Monday, February 02, 2009
In most circles, today is known as Groundhog Day. If old Punxsutawney Pete over there in Punxsutawney, Pennsylvania sees his shadow, it means six more weeks of winter. If he doesn't, it means winter will soon end.
Before you snicker and guffaw, Olde Pete has actually has had a 75% accuracy rate. Not bad for a rodent, and probably as good if not better than Al Roker.
The Olde Farmer's Almanac I keep in my bathroom says that this celebration, primarily in North America and Canada, probably derived itself from this old Scottish poem:
As the light grows longer
The cold grows stronger
If Candlemas be fair and bright
Winter will have another flight
If Candlemas be cloud and snow
Winter will be gone and not come again
A farmer should on Candlemas day
Have half his corn and half his hay
On Candlemas day if thorns hang a drop
You can be sure of a good pea crop
Yes, today is also 'Candlemas Day' - the Presentation of Jesus in the Temple. When I was growing up in the Church of Rome, it also meant that women who had recently given birth were brought to the church to be 'cleansed', which even my mother and aunts found to be insulting. Thankfully, that odious little 'tradition' was dropped soon after Vatican II.
Today is also 'cross-quarter' day. Betcha didn't know that, right? Nah, in this crowd, you probably did.
That's the day half way between the Winter solstice and the Spring equinox. Ancient Celts used to celebrate it as Imbolc, one of the four principal feasts of the Wheel of the Year, which is still celebrated by neopagans and wiccans.
It then became the the Celebration of the goddess Brigid, which eventually became the Feast of St. Brigid of Kildare.
I love one of the stories of St. Brigid, the daughter of a Druid priest and a mother who converted to Christianity, who became a RC nun and established several convents in The Olde Sod of Ireland. Apparently, when she was being made Abbess, the bishop read from the wrong liturgy and actually made her a bishop.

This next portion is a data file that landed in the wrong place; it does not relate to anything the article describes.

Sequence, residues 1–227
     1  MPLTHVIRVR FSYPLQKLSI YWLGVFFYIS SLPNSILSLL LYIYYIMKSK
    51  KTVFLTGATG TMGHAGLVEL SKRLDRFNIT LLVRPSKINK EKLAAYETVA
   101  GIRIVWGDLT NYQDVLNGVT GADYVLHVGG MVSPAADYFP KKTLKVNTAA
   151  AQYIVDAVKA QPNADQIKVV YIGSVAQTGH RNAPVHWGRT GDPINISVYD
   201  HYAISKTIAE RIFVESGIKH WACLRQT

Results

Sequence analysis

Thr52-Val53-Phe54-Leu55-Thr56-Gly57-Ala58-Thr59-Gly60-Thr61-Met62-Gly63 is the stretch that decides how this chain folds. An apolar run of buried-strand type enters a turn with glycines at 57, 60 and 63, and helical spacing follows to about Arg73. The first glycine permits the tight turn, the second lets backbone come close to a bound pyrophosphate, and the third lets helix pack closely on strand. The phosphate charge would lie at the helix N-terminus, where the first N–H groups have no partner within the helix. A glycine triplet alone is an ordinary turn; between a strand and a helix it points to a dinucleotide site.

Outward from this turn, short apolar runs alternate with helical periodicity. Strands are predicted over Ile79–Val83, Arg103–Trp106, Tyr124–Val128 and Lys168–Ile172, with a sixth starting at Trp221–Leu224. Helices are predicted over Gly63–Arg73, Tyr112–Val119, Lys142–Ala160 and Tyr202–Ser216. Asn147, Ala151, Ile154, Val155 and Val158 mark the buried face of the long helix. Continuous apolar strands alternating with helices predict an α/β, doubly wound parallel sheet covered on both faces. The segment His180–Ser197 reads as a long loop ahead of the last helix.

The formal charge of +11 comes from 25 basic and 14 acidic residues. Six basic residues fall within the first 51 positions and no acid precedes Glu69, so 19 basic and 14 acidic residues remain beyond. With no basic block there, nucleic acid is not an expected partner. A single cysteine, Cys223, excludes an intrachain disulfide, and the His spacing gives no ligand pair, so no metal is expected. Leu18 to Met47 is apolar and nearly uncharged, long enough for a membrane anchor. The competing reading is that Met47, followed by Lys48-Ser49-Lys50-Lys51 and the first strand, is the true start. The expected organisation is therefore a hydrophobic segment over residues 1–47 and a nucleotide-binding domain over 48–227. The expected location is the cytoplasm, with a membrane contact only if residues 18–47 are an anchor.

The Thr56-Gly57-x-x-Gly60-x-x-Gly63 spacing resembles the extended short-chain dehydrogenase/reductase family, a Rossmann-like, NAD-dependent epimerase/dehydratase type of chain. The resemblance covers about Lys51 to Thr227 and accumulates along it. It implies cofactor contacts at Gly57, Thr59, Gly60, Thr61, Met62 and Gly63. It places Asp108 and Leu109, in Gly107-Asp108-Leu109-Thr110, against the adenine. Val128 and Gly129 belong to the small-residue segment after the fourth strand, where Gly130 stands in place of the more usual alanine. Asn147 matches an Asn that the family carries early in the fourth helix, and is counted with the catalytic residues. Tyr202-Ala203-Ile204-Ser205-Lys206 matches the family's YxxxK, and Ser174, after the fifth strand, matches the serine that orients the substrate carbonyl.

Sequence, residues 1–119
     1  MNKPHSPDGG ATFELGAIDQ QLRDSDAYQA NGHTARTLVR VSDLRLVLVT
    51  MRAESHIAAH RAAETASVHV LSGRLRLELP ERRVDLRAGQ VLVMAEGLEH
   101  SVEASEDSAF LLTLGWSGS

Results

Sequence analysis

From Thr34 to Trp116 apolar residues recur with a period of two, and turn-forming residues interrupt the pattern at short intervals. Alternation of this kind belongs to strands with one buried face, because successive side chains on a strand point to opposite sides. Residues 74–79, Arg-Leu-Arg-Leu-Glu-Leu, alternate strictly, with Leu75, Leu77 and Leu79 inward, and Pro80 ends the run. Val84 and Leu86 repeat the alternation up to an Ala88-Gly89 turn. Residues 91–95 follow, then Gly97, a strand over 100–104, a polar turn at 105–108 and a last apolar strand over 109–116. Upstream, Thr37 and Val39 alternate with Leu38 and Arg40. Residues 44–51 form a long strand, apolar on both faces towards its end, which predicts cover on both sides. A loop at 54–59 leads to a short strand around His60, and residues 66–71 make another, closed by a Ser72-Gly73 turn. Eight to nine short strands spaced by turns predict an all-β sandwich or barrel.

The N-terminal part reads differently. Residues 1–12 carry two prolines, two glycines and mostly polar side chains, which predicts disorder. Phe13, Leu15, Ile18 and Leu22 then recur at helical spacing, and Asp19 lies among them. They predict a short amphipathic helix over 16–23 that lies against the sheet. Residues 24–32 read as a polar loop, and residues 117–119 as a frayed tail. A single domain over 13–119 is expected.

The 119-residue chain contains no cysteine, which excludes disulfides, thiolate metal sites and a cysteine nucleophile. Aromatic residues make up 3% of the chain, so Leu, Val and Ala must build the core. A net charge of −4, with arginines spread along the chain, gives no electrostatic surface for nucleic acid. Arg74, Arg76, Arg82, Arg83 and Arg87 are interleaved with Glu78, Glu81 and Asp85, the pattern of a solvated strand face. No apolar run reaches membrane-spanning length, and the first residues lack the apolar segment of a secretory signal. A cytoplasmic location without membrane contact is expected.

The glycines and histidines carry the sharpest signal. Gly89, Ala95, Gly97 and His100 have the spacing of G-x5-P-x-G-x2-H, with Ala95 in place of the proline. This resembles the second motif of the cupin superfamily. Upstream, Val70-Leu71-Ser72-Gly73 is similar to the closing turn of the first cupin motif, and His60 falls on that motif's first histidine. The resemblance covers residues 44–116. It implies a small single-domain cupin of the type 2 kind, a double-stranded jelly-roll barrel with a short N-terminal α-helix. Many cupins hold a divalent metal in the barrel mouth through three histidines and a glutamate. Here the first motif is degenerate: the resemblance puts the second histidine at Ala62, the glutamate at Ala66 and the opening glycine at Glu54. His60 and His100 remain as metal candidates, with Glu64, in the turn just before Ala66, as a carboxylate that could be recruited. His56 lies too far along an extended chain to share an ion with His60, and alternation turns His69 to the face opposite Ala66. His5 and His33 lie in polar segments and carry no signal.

When told later by one of his assistants what had happened, he reportedly said, "What I have done, is done. Let it be." So Brigid, it is said, is the first woman to be a bishop in the one, holy, catholic and apostolic church.
Some churches still note this feast with the 'Blessing of the Throat' with an amazing contraption that looked like huge forceps with a lit candle on either end of the tong. It was then placed near the throat and prayers were said. My grandmother always told us that this was done because "Catholics eat fish on Fridays" and this was a special blessing so we would never get a fish bone caught in our throats.
NOTE: Roberta pointed out in the comment section, that the blessing of the throat is in honor of St. Blaise, not Brigid, whose feast is on February 3rd.
Which goes to the point of this post: There is something in the DNA of human beings that is naturally inclined to ritual. Long before the church laid claim to them and only allowed certain people to preside at them, there were rituals.
It's just what we do, and when we don't have them, we'll invent them. We also love magic and mystery, and rituals point us to realities beyond ourselves - to something bigger, something greater.
The Primates of the Anglican Communion also gather today in Alexandria, Egypt for their meeting this week. I understand all 38 of them are present. What with the Covenant and the paper on the 'new Anglican Province' being presented by Duncan, Himself, it's bound to be a hot time in old Alexandria Town this week. And, I'm not just talking about the weather.
I hope they all remember our human penchant for ritual and mystery. I hope they remember that there are realities beyond themselves - something bigger and greater even that Primates.
I know. It's a long shot.
Perhaps we can create our own little ritual involving a rodent who can predict what the Anglican Primates will do. I'm thinking 'Mickey Mouse' might come out of the 'Magic Kingdom' and if he sees Pluto digging a hole under the 'Magic Castle', it means that schism is near. If he doesn't, the Anglican Communion will be held together for another year - even if that's just with bubble gum, bailing wire and a whole mess of prayers.
Actually, I hope they remember the story of St. Brigid of Kildare. The Holy Spirit will have Her way, despite our carefully scripted thoughts on paper and best intentions and precious rituals.
I hope these bishops find the grace to say, "What I have done, is done. Let it be." You know. Take a little responsibility for their actions. Create a new 'pure' province, if you must, and then take your miters and leave. Gracefully. Leaving us both to worship God, however we imagine God, in the beauty and holiness and peace of the rituals of our own creation.
And, if you believe that will happen, I've got a little guy named Punxsutawney Pete I want you to meet. Everybody thinks he can predict the weather.